The first one of these is quercetin. Quercetin occurs naturally in some tea leaves as well as red onions and apple skins. There is some evidence that quercetin supplementation can increase mitochondrial function. Mitochondria are “ the powerhouse of the cell” so increased mitochondrial function can mean better endurance performance. It definitely works in rats, but we need more human studies to be sure. I personally supplement with quercetin, because I believe there is a good chance it works, it is harmless in reasonable amounts, it isn’t on the banned substances list, and a 6 month supply is under $100. I personally buy Jarrow Formulas Quercitin in 500 mg capsules, and take 1000 mg ( 2 capsules) daily. A quick web search will turn up plenty of vendors that will ship it straight to your door.
The other supplement that I regularly take is beta-alanine. Beta-alanine is a naturally occurring amino acid, and supplementation can help with high intensity exercise performance. It is more likely to help with events that require repeated high intensity efforts such as criteriums or track type racing rather than steady events such as a 20K, or a triathlon. Beta-alanine supplementation promotes higher levels of carnosine in the muscle and helps keep muscle ph ( acid levels) within appropriate ranges, thereby enhancing performance. While quercetin is a something I take all year around, beta -alanine is something I take only during the height of race season. Beta –alanine supplementation should start 10 weeks or so before a big event, so it does take some planning ahead. The recommendation is usually to take 1600 mg twice a day for the first 4 weeks, and then cut back to once a day after that. I take Powerbar brand Beta-Alanine for several reasons. One is that Powerbar makes it available as beta-alanine all by itself, without any extra stuff in there. But perhaps more importantly, is the fact that it is NSF certified. This means that the product has been independently tested to make sure it isn’t contaminated and you won’t fail a dope test. Beta-alanine is a little more expensive than the quercetin, and can cost up to $40 a month, but because I take it only part of the year, I still spend less than $200 a year on the stuff.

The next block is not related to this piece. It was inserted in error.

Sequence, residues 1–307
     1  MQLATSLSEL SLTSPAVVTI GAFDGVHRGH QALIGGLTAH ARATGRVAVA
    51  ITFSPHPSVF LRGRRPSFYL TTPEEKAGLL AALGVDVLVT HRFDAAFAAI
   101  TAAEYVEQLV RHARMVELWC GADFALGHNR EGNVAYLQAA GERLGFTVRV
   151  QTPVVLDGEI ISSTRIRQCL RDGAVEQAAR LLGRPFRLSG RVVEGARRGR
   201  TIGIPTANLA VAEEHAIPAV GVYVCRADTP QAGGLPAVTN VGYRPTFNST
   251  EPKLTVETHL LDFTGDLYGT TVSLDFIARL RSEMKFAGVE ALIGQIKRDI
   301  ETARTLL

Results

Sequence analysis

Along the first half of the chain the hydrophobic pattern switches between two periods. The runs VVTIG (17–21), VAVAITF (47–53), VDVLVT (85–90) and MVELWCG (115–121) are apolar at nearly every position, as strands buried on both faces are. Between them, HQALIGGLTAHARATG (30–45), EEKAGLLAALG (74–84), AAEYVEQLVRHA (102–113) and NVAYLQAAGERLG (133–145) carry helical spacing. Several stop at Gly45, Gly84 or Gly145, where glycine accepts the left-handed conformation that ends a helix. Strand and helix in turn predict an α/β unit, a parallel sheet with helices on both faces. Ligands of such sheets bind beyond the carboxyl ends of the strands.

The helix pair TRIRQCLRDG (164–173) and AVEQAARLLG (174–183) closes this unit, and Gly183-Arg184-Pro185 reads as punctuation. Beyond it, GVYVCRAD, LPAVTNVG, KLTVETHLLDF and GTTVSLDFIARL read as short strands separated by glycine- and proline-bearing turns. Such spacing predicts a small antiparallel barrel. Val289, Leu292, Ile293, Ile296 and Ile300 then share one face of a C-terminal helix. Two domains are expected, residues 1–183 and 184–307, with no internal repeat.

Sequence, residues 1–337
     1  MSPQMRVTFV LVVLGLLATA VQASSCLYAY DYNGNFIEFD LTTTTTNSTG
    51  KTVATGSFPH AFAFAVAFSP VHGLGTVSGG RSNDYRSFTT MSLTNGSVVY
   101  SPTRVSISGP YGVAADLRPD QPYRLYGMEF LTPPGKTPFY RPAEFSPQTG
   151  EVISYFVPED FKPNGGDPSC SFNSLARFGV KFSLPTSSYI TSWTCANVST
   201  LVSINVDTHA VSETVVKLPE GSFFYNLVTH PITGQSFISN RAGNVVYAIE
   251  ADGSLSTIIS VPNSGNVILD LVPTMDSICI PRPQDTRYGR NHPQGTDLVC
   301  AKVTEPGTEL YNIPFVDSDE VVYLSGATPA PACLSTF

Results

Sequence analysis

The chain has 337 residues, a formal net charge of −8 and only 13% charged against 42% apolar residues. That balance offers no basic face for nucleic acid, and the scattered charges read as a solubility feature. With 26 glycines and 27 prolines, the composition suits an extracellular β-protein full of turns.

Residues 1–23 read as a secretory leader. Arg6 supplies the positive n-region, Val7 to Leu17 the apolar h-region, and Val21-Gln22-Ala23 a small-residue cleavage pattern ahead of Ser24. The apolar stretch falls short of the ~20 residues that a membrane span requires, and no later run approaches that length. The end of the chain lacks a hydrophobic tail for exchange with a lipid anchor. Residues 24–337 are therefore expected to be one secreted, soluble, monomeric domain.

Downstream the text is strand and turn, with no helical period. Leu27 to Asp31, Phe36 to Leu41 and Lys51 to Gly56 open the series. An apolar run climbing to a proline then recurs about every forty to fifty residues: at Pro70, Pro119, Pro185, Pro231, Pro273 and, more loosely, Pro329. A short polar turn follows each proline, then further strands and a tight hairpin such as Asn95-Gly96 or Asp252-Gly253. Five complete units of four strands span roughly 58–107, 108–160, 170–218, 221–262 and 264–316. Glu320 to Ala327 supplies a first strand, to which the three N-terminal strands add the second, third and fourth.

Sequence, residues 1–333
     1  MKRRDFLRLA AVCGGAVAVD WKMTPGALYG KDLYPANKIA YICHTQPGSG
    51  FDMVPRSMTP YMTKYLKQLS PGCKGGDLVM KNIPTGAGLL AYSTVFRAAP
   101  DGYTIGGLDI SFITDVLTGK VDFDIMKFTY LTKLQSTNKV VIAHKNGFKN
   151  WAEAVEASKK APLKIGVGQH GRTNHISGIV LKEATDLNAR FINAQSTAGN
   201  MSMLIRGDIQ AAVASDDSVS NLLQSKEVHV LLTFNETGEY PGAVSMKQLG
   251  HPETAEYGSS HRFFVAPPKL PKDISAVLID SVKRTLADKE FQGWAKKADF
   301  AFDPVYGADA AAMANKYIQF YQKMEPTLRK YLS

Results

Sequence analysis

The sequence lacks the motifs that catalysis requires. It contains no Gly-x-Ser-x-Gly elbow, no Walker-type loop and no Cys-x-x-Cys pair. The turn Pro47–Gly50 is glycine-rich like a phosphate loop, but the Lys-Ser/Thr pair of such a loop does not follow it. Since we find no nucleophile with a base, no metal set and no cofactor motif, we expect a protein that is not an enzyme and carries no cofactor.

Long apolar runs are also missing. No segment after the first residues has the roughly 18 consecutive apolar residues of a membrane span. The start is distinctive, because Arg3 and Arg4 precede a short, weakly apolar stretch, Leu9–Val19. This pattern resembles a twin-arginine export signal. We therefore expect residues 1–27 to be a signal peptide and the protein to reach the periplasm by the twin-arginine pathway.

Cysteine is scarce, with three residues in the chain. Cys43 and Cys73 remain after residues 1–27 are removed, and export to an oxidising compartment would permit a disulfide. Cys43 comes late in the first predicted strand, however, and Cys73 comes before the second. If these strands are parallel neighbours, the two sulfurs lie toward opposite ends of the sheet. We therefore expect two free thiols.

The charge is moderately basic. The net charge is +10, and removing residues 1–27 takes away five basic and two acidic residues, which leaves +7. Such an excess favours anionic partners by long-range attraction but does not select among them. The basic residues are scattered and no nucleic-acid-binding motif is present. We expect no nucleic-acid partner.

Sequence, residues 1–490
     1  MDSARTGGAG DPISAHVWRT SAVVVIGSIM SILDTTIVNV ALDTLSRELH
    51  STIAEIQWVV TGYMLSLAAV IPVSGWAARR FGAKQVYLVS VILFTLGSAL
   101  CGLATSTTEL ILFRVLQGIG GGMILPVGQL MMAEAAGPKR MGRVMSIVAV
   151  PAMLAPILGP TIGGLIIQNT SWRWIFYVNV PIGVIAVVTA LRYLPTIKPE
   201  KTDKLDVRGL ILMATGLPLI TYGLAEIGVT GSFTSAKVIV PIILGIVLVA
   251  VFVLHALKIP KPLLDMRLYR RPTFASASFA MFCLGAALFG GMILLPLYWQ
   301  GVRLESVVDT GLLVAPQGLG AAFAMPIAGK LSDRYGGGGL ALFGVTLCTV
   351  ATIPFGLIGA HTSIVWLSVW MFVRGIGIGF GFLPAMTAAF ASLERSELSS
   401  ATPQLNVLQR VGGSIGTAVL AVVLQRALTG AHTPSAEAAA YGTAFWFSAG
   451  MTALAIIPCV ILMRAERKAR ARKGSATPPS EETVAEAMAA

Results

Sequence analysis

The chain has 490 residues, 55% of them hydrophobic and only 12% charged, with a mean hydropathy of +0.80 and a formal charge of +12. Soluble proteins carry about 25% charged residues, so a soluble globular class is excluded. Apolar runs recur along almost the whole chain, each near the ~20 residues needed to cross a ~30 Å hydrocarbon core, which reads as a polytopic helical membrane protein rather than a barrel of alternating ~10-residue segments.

Ultimately, the decision to take ( or not take) supplements is your own. As a coach, I try to inform my athletes, but encourage them to make their own decisions. Before you take any supplement, I encourage you to think about the questions posited earlier, and in general err on the side of caution before you take anything
Sean Burke is the head coach for Crank Cycling in San Diego CA.
*According to USADA and WADA code, anyone with a racing license can be tested for performance enhancing substances. I’ve seen cat 4 riders get tested, so it really can happen to almost anyone. USADA code and athlete responsibilities are a great topic for another column, but just note that you can be tested and you are responsible for whatever is found in your body, no matter how it got there.